Many employers view their employees as commodities and treat them as such, trying to get as much work from them as possible for as little compensation as possible. So long as this attitude prevails, employees will sue employers for full compensation.

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Max Goldberg, President, Max Goldberg & Associates

The key phrase here, I think, is "I was happy to have a job." Like George, I started as an assistant store manager working long hours to make a very small salary. The hours worked were related to what needed to get the job done, whatever that happened to be. The idea was that, if I worked hard and did a good job, I would get promoted to higher positions, which I did.

Today it seems that people entering the work force come with a sense of entitlement of what the company owes them with little regard to what they have to do to (keyword here) earn the rewards attached to hard work and dedication. Our culture, starting with our failing education system, has evolved into one that puts a high priority on building individual self-esteem regardless of actual accomplishment. The other part (sorry George) is the continuing growth of frivolous class-action suits, also known as "Jackpot Justice" or, more aptly, extortion.

As far as a fix, I think chronic high levels of unemployment will, over time, bring starting associates back to the place that George describes "I'm happy to have a job."

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Bill Emerson, President, Emerson Advisors

Working overtime is part of the very fabric of retail. I had that experience (also 100 years ago) for sure. I remember working every hour my store was open, 78, many times. And sadly, it still is one of the best ways to get promoted within ANY business; you get noticed when you consistently devote your most precious resource, time, to 'the company'.

Having said that, it definitely is a time for change, especially with Millenials now making up a larger part of the work force; they just don't buy into that system. Solving overtime issues should be a mandate on the part of the companies involved way before it becomes a law suit.

But I also think there should be a happy medium between workers and companies. Devotion and voluntary overtime are OK to an extent, it just can't be systemic methodology/mentality. And here's why I say that; on my trips to Asia, I have witnessed that it is very common for people to work overtime on their own dime to help the company out, no questions asked.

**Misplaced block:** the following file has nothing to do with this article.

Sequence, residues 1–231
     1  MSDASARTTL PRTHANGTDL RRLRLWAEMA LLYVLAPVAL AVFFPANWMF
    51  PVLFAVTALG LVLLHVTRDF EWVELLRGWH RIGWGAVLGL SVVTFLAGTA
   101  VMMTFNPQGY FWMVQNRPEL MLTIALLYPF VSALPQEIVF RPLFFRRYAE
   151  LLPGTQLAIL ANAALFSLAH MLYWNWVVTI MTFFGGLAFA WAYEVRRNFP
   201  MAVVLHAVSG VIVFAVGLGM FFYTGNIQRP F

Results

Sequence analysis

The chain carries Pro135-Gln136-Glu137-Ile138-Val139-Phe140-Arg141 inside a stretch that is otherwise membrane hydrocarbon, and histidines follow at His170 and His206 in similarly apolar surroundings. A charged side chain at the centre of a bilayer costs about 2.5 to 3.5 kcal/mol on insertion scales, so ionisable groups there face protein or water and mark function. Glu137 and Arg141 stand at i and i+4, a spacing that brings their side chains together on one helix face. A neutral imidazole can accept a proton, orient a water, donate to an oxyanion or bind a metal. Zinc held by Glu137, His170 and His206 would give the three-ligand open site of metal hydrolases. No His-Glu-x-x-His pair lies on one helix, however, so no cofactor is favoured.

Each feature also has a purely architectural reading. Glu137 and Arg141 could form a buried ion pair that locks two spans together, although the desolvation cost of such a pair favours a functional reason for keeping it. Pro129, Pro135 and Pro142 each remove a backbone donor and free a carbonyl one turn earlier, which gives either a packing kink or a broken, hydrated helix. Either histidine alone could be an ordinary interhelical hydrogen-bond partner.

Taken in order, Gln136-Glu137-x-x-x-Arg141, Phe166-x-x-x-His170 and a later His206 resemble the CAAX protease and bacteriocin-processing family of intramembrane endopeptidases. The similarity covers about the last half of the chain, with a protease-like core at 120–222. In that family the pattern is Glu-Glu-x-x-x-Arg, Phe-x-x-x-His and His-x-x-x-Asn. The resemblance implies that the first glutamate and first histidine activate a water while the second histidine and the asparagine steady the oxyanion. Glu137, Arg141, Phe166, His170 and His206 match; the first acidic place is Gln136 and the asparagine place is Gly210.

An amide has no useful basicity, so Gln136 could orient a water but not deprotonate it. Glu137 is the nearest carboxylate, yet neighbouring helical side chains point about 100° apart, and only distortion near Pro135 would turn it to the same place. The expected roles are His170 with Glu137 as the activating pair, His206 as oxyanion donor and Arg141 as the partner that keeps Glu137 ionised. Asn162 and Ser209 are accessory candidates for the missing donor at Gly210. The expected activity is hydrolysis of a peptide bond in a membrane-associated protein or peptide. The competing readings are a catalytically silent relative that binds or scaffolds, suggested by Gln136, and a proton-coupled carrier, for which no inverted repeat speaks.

So, if we want to compete on a global scale, we need to think about that. As Larry Bird once put it, "My Dad always told me to keep in mind that there was someone out there working harder than me. I didn't believe him. Then I met him when his team beat us in the championship game."

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Lee Peterson, EVP Creative Services, WD Partners

Lawsuits of this nature only increase in direct proportion to the decrease in trust between the retailer/retail management and the employees. Trusting relationships create flexibility, the employment lubrication that enables employees to work longer occasionally and employers to give paid time off for emergency or important personal situations. As retail has become more industrial engineering centric, trust has diminished and lawsuits become more frequent.

The larger business impact is that employees who feel they need to use lawsuits are likely not going to be as focused on customer experience.

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Verlin Youd, Principal, VPY LLC

As Tony pointed out, the overtime rules are fairly simple when it comes to hourly workers. I am not an attorney or a labor law expert, but know this is not as true for management. You can hold a manager's position and still eligible for overtime pay if your position does not meet certain criteria. These have to do with a variety of factors including your job duties and the basis (salary/hourly) for your pay. Those assistant store managers and co-managers may not have met the legal criteria to be considered exempt from overtime.

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Steve Montgomery, President, b2b Solutions, LLC

The answer to this one is simple. Based on the law, employees are not being classified correctly in the job they are being paid for as hourly or salaried and they are not being paid for all of the hours they on considered to be at work.

Warning to anyone who hires hourly employees: the Department of Labor has create a phone app where employees can track all of the hours they work.

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Mel Kleiman, President, Humetrics

I can assure you the labor laws in California (for example) are quite a bit more complex than "work over 40 hours a week and you have to pay time and a half." It can be very difficult for a well-intentioned employer to keep track of, much less comply with, labor laws which vary widely from state to state, and even in some municipalities.